2. INVESTIGATION PROCESS REVIEWED


The number of suggested and proposed investigation models is not small, as such, it would be quite a daunting exercise to review them all. We have indeed, selected the models to be reviewed based on the chronological order, ensuring at least one proposed model per year. We are not suggesting that the selected models are better or superior than the other models that were also introduced in the same year. Our objective is to identify and extract the phases in the investigation models rather than selecting which model is the best.

2.1. Computer Forensic Investigative Process (1984)


Pollitt [2] [3] has proposed a methodology for dealing with digital evidence investigation so that the results with be scientifically reliable and legally acceptable. It comprises of 4 distinct phases.

Acquisition

Identification

Evaluation

Admission

Figure 1: Computer Forensic Investigative Process In Acquisition phase, evidence was acquired in acceptable manner with proper approval from authority. It is followed by Identification phase whereby the tasks to identify the digital components from the acquired evidence and converting it to the format understood by human. The Evaluation phase comprise of the task to determine whether the components indentified in the previous phase, is indeed relevant to the case being investigated and can be considered as a legitimate evidence. In the final phase, Admission, the acquired & extracted evidence is presented in the court of law.

2.2. DFRWS Investigative Model (2001)


In 2001, the 1st Digital Forensics Research Workshop (DFRWS) [4] proposed a general purpose digital forensics investigation process. It comprises of 6 phases.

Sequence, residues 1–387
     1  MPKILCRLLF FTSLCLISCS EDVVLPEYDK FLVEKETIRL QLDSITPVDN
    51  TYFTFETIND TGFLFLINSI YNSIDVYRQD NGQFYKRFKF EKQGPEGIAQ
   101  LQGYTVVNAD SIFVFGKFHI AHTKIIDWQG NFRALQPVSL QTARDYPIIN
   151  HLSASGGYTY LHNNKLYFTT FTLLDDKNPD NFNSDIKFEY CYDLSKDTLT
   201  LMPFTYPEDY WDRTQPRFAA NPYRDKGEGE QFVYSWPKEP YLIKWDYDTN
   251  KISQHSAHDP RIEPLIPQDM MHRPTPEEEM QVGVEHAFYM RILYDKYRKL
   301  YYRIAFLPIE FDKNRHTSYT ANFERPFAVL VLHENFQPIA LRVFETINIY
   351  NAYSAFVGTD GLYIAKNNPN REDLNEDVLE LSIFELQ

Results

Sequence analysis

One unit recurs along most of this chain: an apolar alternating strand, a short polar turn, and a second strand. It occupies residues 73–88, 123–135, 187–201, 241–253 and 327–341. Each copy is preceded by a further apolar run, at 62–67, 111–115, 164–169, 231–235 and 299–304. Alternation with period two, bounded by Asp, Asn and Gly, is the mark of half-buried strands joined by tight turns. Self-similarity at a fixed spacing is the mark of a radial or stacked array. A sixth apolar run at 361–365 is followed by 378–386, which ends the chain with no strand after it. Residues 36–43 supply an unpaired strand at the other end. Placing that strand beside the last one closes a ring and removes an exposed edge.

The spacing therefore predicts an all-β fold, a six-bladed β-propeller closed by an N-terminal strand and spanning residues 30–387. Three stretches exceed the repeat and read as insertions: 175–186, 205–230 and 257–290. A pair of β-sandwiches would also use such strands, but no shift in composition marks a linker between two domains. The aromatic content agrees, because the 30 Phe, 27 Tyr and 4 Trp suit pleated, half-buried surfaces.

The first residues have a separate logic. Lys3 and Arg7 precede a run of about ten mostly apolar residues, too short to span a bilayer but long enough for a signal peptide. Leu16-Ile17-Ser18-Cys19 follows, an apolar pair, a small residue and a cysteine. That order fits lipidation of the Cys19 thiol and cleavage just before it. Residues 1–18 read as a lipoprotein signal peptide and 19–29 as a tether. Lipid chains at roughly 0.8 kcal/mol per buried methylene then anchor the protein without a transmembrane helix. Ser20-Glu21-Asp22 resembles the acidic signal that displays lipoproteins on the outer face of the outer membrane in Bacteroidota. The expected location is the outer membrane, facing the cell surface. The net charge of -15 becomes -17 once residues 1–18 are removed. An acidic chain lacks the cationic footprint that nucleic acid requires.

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International Journal of Computer Science & Information Technology (IJCSIT), Vol 3, No 3, June 2011 Identification Preservation Collection Examination Analysis Presentation

Figure2: DFRWS Investigative Model DFRWS Investigative model started with an Identification phase, in which profile detection, system monitoring, audit analysis, etc, were performed. It is immediately followed by Preservation phase, involving tasks such as setting up a proper case management and ensuring an acceptable chain of custody. This phase is crucial so as to ensure that the data collected is free from contamination. The next phase is known as Collection, in which relevant data are being collected based on the approved methods utilizing various recovery techniques. Following this phase are two crucial phases, namely, Examination phase and Analysis phase. In these two phases, tasks such as evidence tracing, evidence validation, recovery of hidden/encrypted data, data mining, timeline, etc, were performed. The last phase is Presentation. Tasks related to this phase are documentation, expert testimony, etc.

2.3. Abstract Digital Forensics Model (ADFM) (2002)


Inspired by DFRWS investigative model, Reith, Carr & Gunsch [5], proposed an enhanced model known as Abstract Digital Forensic Model. In this model, the author introduced three additional phases, thus expanding the number of phases to nine.
Identification Preparation Approach Strategy Preservation Collection Examination Analysis Presentation Returning Evidence

Figure 3: Abstract Digital Forensics Model


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International Journal of Computer Science & Information Technology (IJCSIT), Vol 3, No 3, June 2011